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Cochrane COVID-19 Study Register
Study record
Perilli 2022First Published: 2022 Jul 4Updated Date: 2022 Jul 4

Reduced Anxiety Associated to Adaptive and Mindful Coping Strategies in General Practitioners Compared With Hospital Nurses in Response to COVID-19 Pandemic Primary Care Reorganization

  1. Study Type
  2. Other
  1. Study Aim
  2. Health Services Research
  1. Study Design
  2. Other
  1. Intervention Assignment
  2. Not Applicable
Reference record

Reduced Anxiety Associated to Adaptive and Mindful Coping Strategies in General Practitioners Compared With Hospital Nurses in Response to COVID-19 Pandemic Primary Care Reorganization

Perilli E, Perazzini M, Bontempo D, Ranieri F, Di Giacomo D, Crosti C, Marcotullio S, Cobianchi S
Journal article
Report Results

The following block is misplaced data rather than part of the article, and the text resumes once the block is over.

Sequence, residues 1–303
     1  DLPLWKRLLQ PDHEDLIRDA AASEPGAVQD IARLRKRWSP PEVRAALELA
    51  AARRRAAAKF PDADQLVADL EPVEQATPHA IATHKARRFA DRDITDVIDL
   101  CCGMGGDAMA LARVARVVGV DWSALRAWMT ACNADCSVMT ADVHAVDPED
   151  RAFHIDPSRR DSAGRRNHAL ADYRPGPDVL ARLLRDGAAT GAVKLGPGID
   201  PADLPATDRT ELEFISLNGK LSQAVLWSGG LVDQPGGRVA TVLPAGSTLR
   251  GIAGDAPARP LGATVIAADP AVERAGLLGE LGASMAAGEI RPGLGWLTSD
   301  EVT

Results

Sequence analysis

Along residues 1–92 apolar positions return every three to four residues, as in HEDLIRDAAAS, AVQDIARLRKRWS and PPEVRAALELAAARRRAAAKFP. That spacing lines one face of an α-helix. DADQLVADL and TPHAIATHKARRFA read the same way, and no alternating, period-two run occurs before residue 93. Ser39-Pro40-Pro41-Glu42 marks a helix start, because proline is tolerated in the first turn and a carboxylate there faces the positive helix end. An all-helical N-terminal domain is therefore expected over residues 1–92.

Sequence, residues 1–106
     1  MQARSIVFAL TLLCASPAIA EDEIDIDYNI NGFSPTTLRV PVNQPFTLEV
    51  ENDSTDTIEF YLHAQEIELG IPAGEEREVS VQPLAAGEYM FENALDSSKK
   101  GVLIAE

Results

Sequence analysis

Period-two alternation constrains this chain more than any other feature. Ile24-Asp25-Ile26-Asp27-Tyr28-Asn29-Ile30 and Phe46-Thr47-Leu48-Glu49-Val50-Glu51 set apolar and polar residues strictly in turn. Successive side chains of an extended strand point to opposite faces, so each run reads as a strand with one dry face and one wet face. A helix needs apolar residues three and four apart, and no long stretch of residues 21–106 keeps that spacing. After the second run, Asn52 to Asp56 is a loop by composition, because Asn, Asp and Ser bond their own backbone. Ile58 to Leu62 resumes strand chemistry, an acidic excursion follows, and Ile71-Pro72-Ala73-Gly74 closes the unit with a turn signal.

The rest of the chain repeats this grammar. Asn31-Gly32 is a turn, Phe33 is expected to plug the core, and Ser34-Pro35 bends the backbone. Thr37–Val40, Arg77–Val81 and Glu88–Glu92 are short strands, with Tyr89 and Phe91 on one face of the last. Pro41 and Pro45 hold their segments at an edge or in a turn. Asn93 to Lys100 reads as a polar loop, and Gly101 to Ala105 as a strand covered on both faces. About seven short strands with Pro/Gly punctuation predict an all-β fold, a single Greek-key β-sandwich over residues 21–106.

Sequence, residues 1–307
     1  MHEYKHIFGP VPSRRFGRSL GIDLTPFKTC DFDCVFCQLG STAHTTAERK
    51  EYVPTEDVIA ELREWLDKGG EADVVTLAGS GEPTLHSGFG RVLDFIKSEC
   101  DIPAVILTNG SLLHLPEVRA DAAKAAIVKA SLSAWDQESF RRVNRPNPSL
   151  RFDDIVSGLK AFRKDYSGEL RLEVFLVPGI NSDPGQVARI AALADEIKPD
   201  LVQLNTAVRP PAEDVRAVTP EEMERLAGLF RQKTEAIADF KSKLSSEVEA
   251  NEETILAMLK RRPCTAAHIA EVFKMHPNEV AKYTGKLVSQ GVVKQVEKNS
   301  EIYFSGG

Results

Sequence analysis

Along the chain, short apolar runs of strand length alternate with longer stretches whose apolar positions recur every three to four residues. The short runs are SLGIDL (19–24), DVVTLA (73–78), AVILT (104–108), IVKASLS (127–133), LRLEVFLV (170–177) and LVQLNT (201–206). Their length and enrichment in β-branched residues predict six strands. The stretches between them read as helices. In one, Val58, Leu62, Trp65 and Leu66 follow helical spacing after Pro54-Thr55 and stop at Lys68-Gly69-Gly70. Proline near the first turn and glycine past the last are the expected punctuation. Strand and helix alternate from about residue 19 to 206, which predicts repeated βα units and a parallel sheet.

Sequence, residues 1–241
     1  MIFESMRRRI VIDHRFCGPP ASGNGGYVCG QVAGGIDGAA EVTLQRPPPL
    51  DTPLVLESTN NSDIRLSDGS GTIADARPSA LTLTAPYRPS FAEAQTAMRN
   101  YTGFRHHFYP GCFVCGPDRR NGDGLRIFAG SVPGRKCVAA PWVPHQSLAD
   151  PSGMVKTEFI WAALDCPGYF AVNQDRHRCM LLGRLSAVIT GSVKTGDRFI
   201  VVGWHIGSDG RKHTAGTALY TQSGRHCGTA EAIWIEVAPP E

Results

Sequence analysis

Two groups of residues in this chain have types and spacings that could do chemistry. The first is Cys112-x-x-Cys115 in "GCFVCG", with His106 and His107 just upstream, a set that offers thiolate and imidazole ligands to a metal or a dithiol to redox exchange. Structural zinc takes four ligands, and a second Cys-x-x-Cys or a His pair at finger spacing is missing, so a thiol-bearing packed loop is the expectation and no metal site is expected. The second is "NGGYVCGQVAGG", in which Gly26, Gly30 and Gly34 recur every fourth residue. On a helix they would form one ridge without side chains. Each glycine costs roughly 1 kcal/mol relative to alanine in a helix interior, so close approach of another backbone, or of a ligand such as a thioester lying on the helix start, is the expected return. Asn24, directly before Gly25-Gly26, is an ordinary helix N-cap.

COVID-19 pandemic imposed psychosocial stress increasing in frontline healthcare workers, who managed by responding with different coping strategies. General practitioners were targeted by an extraordinary increase in the demand for reception, diagnosis and treatment from all patients even if working in solo. In Italy, the emergency changed risk assumption and roles in between primary care, unraveling the emotional distress of general practitioners, who suffered not only for isolation, but also emotional threatens. In this correlational study we wanted to evaluate trait anxiety and stress as perceived by general practitioners working in individual ambulatory practice room, and by hospital ward nurses working in group, during a chronic phase (February-May 2021) of COVID-19 pandemic. Our hypothesis is that a different work social organization in clinic contest as for general practitioners compared with nurses could induce adaptive or non-adaptive coping to stress under emergency and mindful attitude could be crucial. A number of 37 general practitioners, and 36 nurses were taken from the sanitary district of ASL1 Avezzano-Sulmona-L'Aquila in Italy. For our analyses we used the Health Professions Stress and Coping Scale to assess the risk of burn-out, and detect the coping strategies. We also used the Cognitive and Affective Mindfulness Scale-Revised, investigating whether clinicians used an eventual mindful attitude to prevent anxiety and responding with adaptive coping strategies. General practitioners reported high levels of anxiety, associated to an increased use of emotional distress. Mindful attitude was protective for anxiety in both general practitioners and nurses. As anxiety increased, it was coped by increasing the demand for social support. This coping strategy correlated with emotional distress and when enhanced, it corresponded to avoidance of the problem. Mindful attitude addressed general practitioners to adaptive coping strategies as the solution of the problem. On the other side, nurses accepted the problem but addressed it to others, by avoiding solving it themselves as beyond their role and organizational responsibility. In conclusion, mindful attitude can prevent dysfunctional reactive behaviors among clinicians at the forefront of emergency and reduce emotional distress for isolation as suffered by general practitioners